My friends at home, and the fine folks along the way to Philadelphia asked me the same question over and over again..."You're driving 15 hours to see a band you've already seen 20 something times before?" and they'd chuckle at me. I could only nod and smile back at them. No amount of explaining could offer up a proper view of what this band and these people mean to me. Its been 17 years, 24 shows, two countries, a 965ft Ocean Liner, one tattoo, and approximately 13,600 miles I've traveled in the name of Guster. (Really...I spent a solid hour with Google Maps trying to concoct that figure). As time passed I have been fortunate to forge a friendly rapport with these musicians that I am so fond of. Amazingly accessible to their fans, they don't mind you saying hello in the hallway or as you pass them on the street near the venue. Ask anyone who's met them, and they'll reinforce how down to earth, humble, and flat-out sweet these four gentlemen are to their fans. Adam is kind and will share a hilarious story with you like an old friend at a reunion. Ryan loves to talk music (not just his own), and is quite loquacious if you catch him in the right mood. Luke is gracious and goofy and so charming you feel bewitched after a few moments with him. But it's Brian the drummer, affectionately known to his fans as The Thunder God,  with his warm smile and easy attitude that makes you feel as though he's as fond of you as you are of him. This band, and the people that this band have led me to, have been absolutely life altering. Music is such a universal language, and the emotions invoked through song are more powerful than can be described. They say you should find your tribe and love them fiercely. I say I've found my tribe and they're called Guster, and I will love them and my fellow fans forever.

EDIT 7/4/2016
After the positively overwhelming response, I have started a Gusterrhoids fan page on Facebook as a place where we can all connect and share out Guster stories together. Won't you join us, Big Friends? 

Friday, October 15, 2010


The image is more than an idea. It is a vortex or cluster of fused ideas and is endowed with energy.  - Ezra Pound

Ive always enjoyed "clusters". Grape clusters, the clusters in my Honey Bunches of Oats, even those brainstorming clusters they taught us as writing exercises. Sometimes you have a cluster fuck, but that's a separate topic, I think. 

Recently Ive experienced one of those "good" clusters - where for a few days, everything clicks and falls into place. New friends, new experiences, and as of today, new jobs. All the bad things seem to come in clusters, too. Ive often thought that makes it easier, in the end. Emotionally draining yourself all at once is sometimes easier than doing it repeatedly over time. Ive been through that kind of cluster recently, too, so I'm happy to see the upswing.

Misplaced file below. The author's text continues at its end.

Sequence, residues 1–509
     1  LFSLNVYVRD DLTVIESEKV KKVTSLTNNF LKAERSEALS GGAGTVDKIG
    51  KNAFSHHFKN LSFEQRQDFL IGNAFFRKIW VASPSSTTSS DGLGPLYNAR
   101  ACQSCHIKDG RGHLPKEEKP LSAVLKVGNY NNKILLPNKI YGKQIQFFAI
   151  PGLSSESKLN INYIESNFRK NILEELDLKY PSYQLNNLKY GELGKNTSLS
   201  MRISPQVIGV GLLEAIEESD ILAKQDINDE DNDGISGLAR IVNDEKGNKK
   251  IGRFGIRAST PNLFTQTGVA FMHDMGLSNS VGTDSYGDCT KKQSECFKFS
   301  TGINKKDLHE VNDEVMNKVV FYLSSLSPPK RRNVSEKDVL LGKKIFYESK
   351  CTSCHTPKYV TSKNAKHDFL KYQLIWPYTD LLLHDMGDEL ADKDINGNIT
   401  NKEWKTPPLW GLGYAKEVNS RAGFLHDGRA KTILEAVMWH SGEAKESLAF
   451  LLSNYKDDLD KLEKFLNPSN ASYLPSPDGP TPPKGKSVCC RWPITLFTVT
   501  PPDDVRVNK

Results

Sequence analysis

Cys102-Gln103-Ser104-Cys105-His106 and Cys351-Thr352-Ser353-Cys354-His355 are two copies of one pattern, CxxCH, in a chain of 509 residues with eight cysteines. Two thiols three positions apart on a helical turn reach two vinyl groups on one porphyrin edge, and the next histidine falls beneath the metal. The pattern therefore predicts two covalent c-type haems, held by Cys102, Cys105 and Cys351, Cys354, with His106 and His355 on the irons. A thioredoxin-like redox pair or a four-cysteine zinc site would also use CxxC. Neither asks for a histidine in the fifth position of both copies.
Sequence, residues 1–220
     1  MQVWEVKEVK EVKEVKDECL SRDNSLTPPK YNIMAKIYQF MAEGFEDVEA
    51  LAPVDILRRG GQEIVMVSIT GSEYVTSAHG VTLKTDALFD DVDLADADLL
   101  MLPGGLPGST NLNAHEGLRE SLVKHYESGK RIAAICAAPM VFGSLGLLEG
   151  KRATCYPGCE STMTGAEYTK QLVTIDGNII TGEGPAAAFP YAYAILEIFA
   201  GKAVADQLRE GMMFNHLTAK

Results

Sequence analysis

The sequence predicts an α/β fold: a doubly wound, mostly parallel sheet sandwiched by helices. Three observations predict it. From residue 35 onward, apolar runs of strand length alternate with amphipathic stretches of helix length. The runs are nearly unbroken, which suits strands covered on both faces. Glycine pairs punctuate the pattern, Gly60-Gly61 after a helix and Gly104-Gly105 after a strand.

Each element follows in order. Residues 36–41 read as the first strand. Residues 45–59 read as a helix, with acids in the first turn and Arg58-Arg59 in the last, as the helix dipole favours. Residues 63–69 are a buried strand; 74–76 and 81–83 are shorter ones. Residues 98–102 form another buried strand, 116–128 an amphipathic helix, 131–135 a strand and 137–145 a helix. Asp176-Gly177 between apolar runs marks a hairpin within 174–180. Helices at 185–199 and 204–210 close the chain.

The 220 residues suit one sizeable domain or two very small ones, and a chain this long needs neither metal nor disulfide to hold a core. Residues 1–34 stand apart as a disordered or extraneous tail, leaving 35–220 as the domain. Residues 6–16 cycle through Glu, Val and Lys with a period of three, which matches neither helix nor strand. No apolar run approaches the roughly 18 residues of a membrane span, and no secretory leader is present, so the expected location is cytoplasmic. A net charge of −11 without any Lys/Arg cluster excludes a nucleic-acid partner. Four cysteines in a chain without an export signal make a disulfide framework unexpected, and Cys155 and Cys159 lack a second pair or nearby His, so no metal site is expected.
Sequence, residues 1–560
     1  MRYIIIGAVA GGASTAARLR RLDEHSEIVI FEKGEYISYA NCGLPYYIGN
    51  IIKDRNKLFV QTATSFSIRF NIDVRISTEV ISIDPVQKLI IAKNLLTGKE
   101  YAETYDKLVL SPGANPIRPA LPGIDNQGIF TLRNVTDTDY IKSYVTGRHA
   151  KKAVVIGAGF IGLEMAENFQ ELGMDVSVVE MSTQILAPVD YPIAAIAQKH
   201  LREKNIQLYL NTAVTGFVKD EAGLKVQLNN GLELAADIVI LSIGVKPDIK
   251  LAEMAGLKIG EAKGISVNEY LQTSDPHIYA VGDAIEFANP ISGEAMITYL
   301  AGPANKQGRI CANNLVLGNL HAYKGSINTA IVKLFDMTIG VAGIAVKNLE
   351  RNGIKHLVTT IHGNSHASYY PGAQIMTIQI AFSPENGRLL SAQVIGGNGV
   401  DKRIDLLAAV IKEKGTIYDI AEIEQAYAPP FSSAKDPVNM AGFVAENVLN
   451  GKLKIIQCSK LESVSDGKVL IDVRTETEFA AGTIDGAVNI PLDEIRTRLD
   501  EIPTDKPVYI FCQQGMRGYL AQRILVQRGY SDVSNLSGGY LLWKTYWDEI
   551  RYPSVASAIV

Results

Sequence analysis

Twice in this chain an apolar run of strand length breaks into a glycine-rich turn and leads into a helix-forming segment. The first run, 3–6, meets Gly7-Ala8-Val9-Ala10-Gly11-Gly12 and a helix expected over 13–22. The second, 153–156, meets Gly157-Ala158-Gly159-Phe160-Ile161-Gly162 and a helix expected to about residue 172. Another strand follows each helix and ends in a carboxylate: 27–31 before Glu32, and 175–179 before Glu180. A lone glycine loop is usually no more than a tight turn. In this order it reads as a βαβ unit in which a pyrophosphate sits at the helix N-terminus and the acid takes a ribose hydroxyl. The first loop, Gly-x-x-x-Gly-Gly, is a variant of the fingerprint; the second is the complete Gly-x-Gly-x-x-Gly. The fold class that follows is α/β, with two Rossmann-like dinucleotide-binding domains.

Ive been in such a rut recently, and I feel a change is long over due. I chopped my hair off, and was offered a new job in the last 24 hours. Thats change enough...for this week.

Tuesday, October 12, 2010

Actions have consequences (who knew?)

What is it about the concept of consequence that seems to elude people? Myself included, no matter how much you weigh the options before hand, it never hits you until the deed is done.

 "If I eat too much, I'll feel so sick later"....

(an hour later)

"OH I'm so sick!! Why did I eat so much??"

Sometimes its not so trivial as eating too much.

 I bought new shoes, now I'm short on paying rent., or whatever.

I personally seem to have this block against owning up to my own decisions. I'm not speaking of hidden disasters, but full blown "You should have known better" situations. Ive been an adult in the legal sense for 7 years now, though I feel it may be that many more before I figure out what that means. When do I find that moment of clarity?

I look to my "adult" friends for guidance. You cant learn from anyone's mistakes but your own, but you can try to absorb what they took away from their experience. There are a certain few people that I lean on for true advice. The people I view in my life as my own "wise old owls". But what happens when their gone? They have their own problems as well, and maybe they don't need the extra burden of mine.

Times like these make me happy to live in South, where you can find a colloquialism for any occasion.

"Put on your big girl panties and deal with it"

So it goes.


Monday, October 11, 2010

25 things about being 25

There's not really a point to this, other than hopefully in another 25 years from now I can look back and see how full of bullshit I was when I was 25

1. My parents are right. MOSTof the time. Learning that distinction was very, very hard.

2. Alcohol is NEVER the answer. It is, however, sometimes an educated guess.

3. Sometimes sitting in front of the TV with milk & cookies can make it all better.

4. You will laugh. You will cry. As long as you search for more of the former, you'll be alright.

5. Your friends will NOT always be there. You must learn to live with this.

6. The one you love the most is the one who holds the key to your greatest pain.

7. A shower, a cup of coffee and a few iburpofen can sometimes get you further than a good night's sleep. That being said, a good night's sleep is sometimes worth more than you care to admit.


9. You are in control of your own happiness.....not Visa.

10. "Kids" and "their music" are highly irratating.

11.  No inanimate object is replaceable.

12. You can't go home again - but you can stop by for dinner and to do laundry.

13. Yes YOU have to take the trashcans to the street. Once a week. It never ends.

14. Choices have consequences. You must learn to see through the now and figure out if dealing with it in your future is palatable.

15. You cant change people. Only your reaction to them.

16. SING AT THE TOP OF YOUR LUNGS. Its alarmingly cathartic.

17. Some people deserve second chances. Some people dont.

18. You can do what you want - even if its nothing.

19. Invest in something you cant control. Its good for you soul.

20. You are your own worst critic. If you can also be our own best cheerleader you'll be lightyears ahead.

21. No one has it all together - even if they look like they do on the outside.

22. Actions speak louder than words. Words speak louder than purchases.

23. Trust is like gravity – you only notice when it's missing.

24. You're never too old for ice cream sundaes, Disney movie marathons, slumber parties or playing dress-up.

25. Everything comes to an end, eventually.